M.R., Scobey, Mont.
A. Here is a reply from Father Francis Hoffman, J.C.D.:
It sounds like your granddaughter is in love with a fine young man, and that this relationship could lead to marriage. It will be very important for the two of them to have a clear understanding of the place of religion in their lives.
From what I have observed over the past 20 years as a priest, if a Catholic is serious about his or her faith — that is, they attend weekly Mass, pray daily, study the faith and frequent the sacraments — then they will most likely stay strong in their faith, because “practice makes perfect.”
In such cases, the Catholic party to a marriage will insist on raising the children in the Catholic faith (see Canon 1125.1). Your granddaughter needs to tell her boyfriend that she will not budge on the issue of raising the kids Catholic. If he truly loves her, he will respect such deep conviction.
On the other hand, if a person is a nominal Catholic — that is, baptized and confirmed but rarely attends Mass or confession, or rarely prays — it is unlikely that they will insist on practicing as a Catholic or raising the children as Catholic.
In either case, the person who is stronger and more dedicated in the practice of their faith usually wins the day.
All the more important then is the responsibility parents have of practicing the faith themselves, thereby providing good example to their children. Fathers have a special responsibility to attend weekly Mass, as well as confess and pray regularly.
Prayer of Jabez?
Q. Would you tell me what exactly is the Prayer of Jabez? Was there a Jabez in the Bible?
A. Here’s a reply from TCA columnist Father Ray Ryland, Ph.D., J.D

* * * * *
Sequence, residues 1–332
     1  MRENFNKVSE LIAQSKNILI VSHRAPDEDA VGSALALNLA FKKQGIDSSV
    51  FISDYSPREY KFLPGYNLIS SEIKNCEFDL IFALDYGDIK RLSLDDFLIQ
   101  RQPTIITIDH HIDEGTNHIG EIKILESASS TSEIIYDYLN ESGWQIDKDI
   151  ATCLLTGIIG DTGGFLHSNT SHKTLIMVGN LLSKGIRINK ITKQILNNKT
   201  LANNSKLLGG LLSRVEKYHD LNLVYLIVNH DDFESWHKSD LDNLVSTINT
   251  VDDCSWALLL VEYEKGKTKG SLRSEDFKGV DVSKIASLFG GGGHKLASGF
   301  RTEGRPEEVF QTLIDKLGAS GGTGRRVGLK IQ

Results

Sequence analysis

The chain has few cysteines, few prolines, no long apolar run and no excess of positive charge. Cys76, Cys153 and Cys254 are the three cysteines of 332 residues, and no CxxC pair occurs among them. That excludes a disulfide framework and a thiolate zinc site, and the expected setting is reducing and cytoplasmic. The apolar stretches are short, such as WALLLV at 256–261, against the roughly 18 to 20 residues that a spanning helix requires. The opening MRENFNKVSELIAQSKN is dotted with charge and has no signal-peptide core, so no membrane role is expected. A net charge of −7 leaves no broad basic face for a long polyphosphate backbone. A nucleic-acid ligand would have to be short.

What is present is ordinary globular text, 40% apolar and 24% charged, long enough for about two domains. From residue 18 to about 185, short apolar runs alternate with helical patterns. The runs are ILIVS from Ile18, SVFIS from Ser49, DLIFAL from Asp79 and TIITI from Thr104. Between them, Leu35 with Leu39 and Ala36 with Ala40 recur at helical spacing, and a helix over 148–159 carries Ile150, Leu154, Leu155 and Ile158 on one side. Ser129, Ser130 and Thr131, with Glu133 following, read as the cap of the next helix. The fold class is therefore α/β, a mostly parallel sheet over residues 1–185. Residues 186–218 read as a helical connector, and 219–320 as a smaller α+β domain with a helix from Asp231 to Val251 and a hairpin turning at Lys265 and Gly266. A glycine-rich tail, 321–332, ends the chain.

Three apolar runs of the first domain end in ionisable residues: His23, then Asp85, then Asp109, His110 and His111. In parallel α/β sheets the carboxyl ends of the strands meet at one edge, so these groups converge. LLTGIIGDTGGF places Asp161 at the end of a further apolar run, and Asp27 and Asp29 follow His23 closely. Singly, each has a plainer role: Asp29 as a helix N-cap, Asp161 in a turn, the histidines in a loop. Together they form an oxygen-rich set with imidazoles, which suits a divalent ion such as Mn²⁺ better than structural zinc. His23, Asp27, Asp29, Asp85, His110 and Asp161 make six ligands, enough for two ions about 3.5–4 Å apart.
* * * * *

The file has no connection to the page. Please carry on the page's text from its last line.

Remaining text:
In 1 Chronicles 4:9-10, Jabez’s name occurs in a detailed listing of descendants of David. Jabez’s parentage is not specified: “Jabez was the most distinguished of his brothers. His mother had named him Jabez, saying, ‘I bore him with pain.’ Jabez prayed to the God of Israel: ‘Oh, that you may truly bless me and extend my boundaries! Help me and make me free of misfortune, without pain!’ And God granted his prayer.”
About a dozen years ago appeared a book by Bruce Wilkinson, entitled “The Prayer of Jabez: Breaking through to the Blessed Life.” The author urged Christians to use this prayer each day. His book was a best-seller. As a result, a whole line of Jabez merchandise has appeared on the market.
Why Must We Confess to a Priest?
Q. Where in the Bible does it state that we should confess to a priest?
A. Here’s a reply from Father Reginald Martin:
The Bible does not explicitly command confession to a priest. However, Jesus claims power to forgive sin (see Mt 9:6), and Catholic theology teaches he shared this authority with Peter and the other apostles when he said: “I will give you the keys of the kingdom of heaven. Whatever you bind on earth shall be bound in heaven; and whatever you loose on earth shall be loosed in heaven” (Mt. 16:19).
Our Savior would not have prescribed a remedy had he not perceived a need, and one authority remarks that this leads to confession, for “the imposition of an atonement approximate to the guilt presupposes a detailed knowledge of the sins committed” (Ludwig Ott, “Fundamentals of Catholic Dogma”).
Some have argued that the power of binding and loosing was given solely to Peter, or that it ceased with the apostles’ death. Either of these positions places limits on Jesus’ generosity that cannot reasonably be maintained, and the Catechism of the Catholic Church, reflecting the work of the Second Vatican Council, states, “The office of binding and loosing which was given to Peter was also assigned to the college of the apostles united to its head” (No. 1444).